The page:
Artist Tatyana Fazlalizadeh, whose work has garnered international attention, returned to Philadelphia, the city that fueled her artistic sensibility and feminism, and ultimately changed the course of her career.
Born and raised in Oklahoma, Fazlalizadeh, 31, came to Philly to attend the University of the Arts, where she spoke to a group of students and artists on Wednesday. Her workshop occurred during Sexual Assault Awareness month and in the middle of Anti-Street Harassment week.
It was in Philly, as she was working on a mural, that she experienced street harassment on the daily. The constant cat calls inspired the Stop Telling Women to Smile project, an art series she began in 2012. She speaks with women who have experienced street harassment and creates a portrait of them, captioning each image with messages directed to offenders, like "Women are not seeking your validation" or "My name is not baby, shorty, sexy, sweetie, honey, pretty, boo, sweetheart, ma."
She then installs the work on walls, corners and streets for neighborhoods to see.
"Harassing women does not prove your masculinity," said Fazlalizadeh in an interview. "I think it's perpetuated because men are trying to prove something about what they think masculinity is. Challenging sexual harassment also challenges what we think women or men are supposed to be."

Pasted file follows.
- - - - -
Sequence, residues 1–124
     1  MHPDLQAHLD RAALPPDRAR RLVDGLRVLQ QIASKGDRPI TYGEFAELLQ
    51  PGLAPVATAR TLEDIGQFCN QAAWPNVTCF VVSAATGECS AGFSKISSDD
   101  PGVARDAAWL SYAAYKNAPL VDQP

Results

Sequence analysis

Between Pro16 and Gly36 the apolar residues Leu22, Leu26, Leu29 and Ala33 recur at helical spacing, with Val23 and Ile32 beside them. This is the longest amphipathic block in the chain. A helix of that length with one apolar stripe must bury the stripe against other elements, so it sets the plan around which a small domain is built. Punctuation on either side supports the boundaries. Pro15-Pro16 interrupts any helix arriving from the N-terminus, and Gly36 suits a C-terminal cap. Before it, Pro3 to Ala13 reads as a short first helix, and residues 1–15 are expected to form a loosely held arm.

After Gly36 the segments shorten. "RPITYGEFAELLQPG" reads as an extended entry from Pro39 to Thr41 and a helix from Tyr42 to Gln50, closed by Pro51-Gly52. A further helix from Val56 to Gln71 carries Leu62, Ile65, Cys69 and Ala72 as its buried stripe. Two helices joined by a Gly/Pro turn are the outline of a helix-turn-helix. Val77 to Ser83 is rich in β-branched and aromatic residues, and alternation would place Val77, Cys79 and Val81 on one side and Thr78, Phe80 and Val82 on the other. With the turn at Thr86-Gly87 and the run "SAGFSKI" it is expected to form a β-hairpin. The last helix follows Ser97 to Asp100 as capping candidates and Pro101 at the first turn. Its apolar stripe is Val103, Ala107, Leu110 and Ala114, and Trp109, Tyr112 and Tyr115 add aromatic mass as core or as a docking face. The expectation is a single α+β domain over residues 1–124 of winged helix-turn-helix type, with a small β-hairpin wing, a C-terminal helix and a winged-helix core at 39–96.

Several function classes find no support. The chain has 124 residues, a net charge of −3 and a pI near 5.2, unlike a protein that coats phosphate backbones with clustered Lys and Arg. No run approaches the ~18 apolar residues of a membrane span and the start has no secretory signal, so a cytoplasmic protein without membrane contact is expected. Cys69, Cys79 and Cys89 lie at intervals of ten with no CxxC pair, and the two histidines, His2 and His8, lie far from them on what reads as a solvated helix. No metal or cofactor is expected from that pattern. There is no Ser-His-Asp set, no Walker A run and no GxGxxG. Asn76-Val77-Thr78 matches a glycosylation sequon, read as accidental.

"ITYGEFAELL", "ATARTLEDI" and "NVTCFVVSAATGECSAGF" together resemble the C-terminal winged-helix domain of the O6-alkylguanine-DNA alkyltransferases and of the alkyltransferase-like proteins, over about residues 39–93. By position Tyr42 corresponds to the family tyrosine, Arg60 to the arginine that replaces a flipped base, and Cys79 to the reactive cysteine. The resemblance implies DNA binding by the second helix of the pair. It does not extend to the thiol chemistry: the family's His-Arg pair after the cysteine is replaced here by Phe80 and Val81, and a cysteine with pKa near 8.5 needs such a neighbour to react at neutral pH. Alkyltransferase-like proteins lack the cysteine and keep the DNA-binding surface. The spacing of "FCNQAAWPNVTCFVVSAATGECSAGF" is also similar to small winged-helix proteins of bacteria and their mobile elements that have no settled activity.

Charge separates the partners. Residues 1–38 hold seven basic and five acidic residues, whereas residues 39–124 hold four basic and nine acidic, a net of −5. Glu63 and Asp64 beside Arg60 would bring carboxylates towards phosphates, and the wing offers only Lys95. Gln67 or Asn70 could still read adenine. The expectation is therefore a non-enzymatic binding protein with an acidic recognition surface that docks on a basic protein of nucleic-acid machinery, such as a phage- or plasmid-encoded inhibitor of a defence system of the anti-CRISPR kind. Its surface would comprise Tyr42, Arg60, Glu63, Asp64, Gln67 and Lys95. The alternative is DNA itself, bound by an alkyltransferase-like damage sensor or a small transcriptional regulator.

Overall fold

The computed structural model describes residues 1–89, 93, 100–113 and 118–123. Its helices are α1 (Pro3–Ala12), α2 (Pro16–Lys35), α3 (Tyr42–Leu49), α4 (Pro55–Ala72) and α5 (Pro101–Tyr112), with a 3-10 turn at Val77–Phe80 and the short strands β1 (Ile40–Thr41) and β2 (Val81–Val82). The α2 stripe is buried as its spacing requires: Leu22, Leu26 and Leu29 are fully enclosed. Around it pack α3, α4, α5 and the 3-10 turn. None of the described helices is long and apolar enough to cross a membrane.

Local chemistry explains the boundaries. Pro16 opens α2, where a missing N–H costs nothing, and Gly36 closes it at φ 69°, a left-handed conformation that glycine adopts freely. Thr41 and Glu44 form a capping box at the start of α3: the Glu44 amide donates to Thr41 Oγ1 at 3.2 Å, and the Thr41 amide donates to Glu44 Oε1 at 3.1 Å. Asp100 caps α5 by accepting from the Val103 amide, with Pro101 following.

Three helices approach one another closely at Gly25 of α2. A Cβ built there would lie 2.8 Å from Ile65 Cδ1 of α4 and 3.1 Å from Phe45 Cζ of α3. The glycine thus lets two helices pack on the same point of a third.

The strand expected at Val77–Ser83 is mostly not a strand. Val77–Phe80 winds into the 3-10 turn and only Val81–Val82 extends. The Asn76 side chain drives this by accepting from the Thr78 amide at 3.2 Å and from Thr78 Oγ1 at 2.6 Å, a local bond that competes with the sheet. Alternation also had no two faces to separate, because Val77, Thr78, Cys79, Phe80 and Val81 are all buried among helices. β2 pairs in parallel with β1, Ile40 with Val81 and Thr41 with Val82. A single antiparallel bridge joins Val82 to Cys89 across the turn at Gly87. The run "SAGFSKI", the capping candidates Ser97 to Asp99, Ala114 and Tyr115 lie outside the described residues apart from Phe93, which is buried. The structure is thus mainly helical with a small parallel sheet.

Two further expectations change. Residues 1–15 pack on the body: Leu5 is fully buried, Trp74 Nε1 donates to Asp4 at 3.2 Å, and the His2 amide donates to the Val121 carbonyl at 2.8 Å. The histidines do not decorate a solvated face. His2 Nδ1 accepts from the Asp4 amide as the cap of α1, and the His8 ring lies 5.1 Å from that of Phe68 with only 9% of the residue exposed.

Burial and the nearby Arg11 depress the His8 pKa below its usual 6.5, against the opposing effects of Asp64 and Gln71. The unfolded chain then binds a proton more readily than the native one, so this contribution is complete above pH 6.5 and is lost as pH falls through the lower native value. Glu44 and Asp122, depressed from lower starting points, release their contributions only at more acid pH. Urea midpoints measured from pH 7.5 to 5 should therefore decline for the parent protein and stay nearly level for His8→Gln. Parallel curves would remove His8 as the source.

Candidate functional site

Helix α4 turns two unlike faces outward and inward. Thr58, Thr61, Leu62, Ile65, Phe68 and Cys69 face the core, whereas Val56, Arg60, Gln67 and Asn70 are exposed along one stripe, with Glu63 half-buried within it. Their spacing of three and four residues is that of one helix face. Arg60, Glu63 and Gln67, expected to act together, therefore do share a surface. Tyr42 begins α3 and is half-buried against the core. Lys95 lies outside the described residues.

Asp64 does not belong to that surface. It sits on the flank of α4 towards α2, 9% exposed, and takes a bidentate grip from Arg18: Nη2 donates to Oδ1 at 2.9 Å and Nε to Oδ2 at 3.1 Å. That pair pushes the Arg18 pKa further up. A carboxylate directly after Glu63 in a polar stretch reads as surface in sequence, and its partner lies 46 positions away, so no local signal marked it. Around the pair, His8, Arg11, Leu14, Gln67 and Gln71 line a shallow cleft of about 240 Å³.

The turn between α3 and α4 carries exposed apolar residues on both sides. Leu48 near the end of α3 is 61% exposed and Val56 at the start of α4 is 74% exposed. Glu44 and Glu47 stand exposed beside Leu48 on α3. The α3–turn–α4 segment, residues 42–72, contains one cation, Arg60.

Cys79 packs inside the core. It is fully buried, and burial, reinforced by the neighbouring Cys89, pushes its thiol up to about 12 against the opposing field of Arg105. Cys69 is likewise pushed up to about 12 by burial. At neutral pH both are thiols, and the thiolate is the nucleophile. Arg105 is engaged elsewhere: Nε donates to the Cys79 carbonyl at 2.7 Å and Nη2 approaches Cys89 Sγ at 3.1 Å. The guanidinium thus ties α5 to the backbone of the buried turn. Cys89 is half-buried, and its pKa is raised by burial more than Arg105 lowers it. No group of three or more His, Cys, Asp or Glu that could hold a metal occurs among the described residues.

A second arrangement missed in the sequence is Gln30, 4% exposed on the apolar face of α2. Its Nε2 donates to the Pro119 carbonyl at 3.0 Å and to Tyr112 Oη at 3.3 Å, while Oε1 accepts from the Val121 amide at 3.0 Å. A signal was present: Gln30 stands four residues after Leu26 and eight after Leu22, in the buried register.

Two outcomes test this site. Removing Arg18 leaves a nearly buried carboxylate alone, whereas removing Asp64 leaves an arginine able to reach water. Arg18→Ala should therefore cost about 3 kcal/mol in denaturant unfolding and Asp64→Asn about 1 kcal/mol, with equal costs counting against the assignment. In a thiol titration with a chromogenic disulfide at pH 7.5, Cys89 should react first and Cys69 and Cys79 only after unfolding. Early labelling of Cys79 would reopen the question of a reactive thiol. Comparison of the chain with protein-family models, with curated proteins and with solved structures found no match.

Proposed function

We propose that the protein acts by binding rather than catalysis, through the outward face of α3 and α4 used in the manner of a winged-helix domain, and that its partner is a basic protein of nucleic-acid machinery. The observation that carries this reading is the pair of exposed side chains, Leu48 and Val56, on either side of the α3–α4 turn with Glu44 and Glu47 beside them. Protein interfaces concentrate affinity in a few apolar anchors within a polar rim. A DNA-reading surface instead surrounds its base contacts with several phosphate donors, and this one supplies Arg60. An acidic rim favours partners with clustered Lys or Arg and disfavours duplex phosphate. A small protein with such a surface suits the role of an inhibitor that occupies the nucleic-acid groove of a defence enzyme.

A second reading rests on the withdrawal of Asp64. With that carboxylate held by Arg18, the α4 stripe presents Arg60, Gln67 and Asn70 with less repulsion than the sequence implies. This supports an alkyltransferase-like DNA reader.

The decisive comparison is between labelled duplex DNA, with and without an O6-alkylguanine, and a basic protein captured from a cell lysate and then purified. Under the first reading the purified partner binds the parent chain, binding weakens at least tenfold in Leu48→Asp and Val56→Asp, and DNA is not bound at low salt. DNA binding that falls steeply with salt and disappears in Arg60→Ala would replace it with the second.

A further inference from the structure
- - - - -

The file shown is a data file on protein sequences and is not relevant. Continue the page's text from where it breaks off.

Stop Telling Women to Smile began to get national and then international recognition. Her work has been featured in the New York Times, TIME, Huffington Post and The Guardian. She's traveled to Paris and Mexico interviewing women, drawing and installing their portraits.
"The work has been installed on the walls in cities I've never been to," she said. "It's been very fulfilling to take something so personal and have it reach people."
On Friday, Fazlalizadeh takes it a step further, and invites people to take part in International Wheat Pasting Night. Participants are asked to download the Stop Telling Women to Smile portraits from her website (stoptellingwomentosmile.com) to display or install in their own neighborhoods. The goal is to spread the message across the globe.
But Stop Telling Women to Smile isn't the most recent piece of Fazlalizadeh's to cause a stir. When Donald Trump was elected in November, she made her feelings public. She created the "America is Black" piece. A compilation of illustrations she made prior to, including one of her mother. The piece reads: "America is black. It is Native. It wears a hijab. It is a Spanish speaking tongue. It is migrant. It is a woman. It is here. Has been here. And it's not going anywhere."
She made the first installation in her hometown of Oklahoma City as a message to Trump and his supporters. She plans to expand and install the piece in different cities.